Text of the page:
In our last episode, Silver was an only dog, as my foster had gone to a home. Since then, I've fostered and adopted a new boy--Tigger, formerly known as Clem (raced as Flying Clemenza). He's a big, goofy, clingy dog. His current name--and he's earned it--can be attested to by anyone who comes to my condo.
The wonderful thing about Tiggers
Is Tiggers are wonderful things.
Their tops are made out of rubber,
Their bottoms are made out of springs.
Dense rubber between his ears and a tendency to boing! around the house over the least little thing-- Yep, that's him. And he's orange--sorta--with black stripes (technically, he's a red brindle). SEGA has a meet and greet tomorrow morning, and tomorrow will be Tigger's 7th birthday, so I decided to make dog treats to take to the meet and greet.
I started with this recipe. I have an adorable, bone-shaped cookie cutter I bought once in a moment of optimism. (Time to 'fess up: I've got at least a dozen cookie cutters--bone, dog, dog house, stars, bells, Santas, sleds, wreaths, candles, etc. "Optimist" doesn't begin to cover it.)
I have all the ingredients on hand. (I wasn't paying attention at first, and the first ½-cup of flour was all-purpose flour; but I woke up, and the last cup was whole wheat.)
Everything went together well. The dough wasn't runny or too dry. I floured everything I was supposed to flour (and a few things I wasn't--I have a tiny kitchen with no counterspace--prep work is done on top of the stove), rolled out the dough (maybe not enough flour on the rolling pin, but not too bad), cut the shapes with the cookie cutter.
And then I tried to pick up the shapes to put them on the parchment paper. It was like trying to pick up bone-shaped blobs of peanut butter with your fingers and keep the shape. I tried pulling the excess dough from around the shapes so I could get to the shapes better. No. Not happening. So I went to Plan B. (Of course there's a Plan B. If I'm cooking, there has to be.)
I grabbed a teaspoon and starting spooning out the dough. Filled one cookie sheet (small kitchen, small oven, small cookie sheets), quickly put parchment paper on a second sheet and filled it. Started to put the smallest sheet into the oven on the bottom rack. You know how you use parchment paper because stuff doesn't stick to it? Well, it doesn't stick to anything, either, and it started sliding and deposited a couple of cookies on the bottom of the stove. (The preheated stove.) I got them out, smushed them back onto the parchment sheet and got the cookie sheet on the bottom rack, then put the larger cookie sheet on the top rack. (My preheated oven lost about 75 degrees during this.) Next time, I may put a dab of cookie dough between the cookie sheet and the parchment paper in an attempt to glue the paper into place. I baked both sheets for 25 minutes, and now the cookies are sitting in the stove to cool and get crunchy.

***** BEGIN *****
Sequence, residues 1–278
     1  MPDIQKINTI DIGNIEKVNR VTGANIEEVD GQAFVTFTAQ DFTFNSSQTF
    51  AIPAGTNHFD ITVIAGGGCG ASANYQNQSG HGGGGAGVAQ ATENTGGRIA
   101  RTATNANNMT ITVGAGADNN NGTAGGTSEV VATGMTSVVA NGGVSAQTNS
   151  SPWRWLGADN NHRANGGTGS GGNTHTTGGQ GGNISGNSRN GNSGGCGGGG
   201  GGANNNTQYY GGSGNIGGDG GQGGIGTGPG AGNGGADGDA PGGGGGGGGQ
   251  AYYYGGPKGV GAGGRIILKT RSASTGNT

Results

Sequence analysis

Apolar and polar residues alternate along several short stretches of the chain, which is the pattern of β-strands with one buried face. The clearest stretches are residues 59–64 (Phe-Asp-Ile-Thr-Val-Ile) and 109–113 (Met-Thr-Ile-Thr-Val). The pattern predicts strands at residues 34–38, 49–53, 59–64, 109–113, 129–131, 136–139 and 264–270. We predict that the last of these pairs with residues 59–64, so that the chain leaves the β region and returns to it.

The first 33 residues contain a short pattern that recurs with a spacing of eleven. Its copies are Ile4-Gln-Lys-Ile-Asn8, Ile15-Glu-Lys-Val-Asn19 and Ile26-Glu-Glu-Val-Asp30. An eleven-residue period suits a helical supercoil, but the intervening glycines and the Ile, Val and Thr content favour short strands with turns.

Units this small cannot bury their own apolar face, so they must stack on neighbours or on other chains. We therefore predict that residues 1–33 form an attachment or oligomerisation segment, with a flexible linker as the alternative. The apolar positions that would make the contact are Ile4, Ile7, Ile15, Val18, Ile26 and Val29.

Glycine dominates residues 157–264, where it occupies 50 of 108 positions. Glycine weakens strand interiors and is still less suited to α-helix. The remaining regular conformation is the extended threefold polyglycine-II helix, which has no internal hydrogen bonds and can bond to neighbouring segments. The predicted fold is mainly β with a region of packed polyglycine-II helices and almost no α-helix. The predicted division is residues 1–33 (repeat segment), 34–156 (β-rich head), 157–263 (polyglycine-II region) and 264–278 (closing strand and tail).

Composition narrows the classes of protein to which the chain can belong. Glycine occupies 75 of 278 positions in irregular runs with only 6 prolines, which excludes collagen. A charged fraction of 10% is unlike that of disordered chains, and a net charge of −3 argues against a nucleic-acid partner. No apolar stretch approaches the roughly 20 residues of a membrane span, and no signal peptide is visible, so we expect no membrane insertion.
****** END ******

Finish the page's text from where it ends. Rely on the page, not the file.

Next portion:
The recipe said to space the cookies on the parchment paper with 1"-2" of space, so I expected the cookie dough to flatten and spread as it cooked. Well, no. My round teaspoons of dough are hardening into round, brown lumps that look like, um--- Well, dog owners can guess what these look like. I doubt the dogs will care, but next time, I'm taking a fork to the tops of these things before I put them in the oven. (By the time I thought of flattening these with a fork after they cooked, the treats were too solid to smush. But now I know why bakers flatten the tops of cookies with a fork.)
I wound up with a half-can of pumpkin left, most of a jar of unsweetened applesauce, and most of a 32 oz carton of chicken broth. I'm freezing two ice trays of broth--more-or-less 2 teaspoons of broth per cube--and I've refrigerated the pumpkin and applesauce. But tomorrow afternoon (after the meet and greet) I might bake another batch of these to use up the pumpkin. The treats are freezable, and I can pull out some now and then for the dogs. If I make more, I'll skip the whole floured pan and rolling pin and cookie-cutter part. I'll go straight to dropping them with a teaspoon, mashing the tops with a fork, and maybe baking them all on one cookie sheet now that I know they can sit closer together since they aren't going to spread out.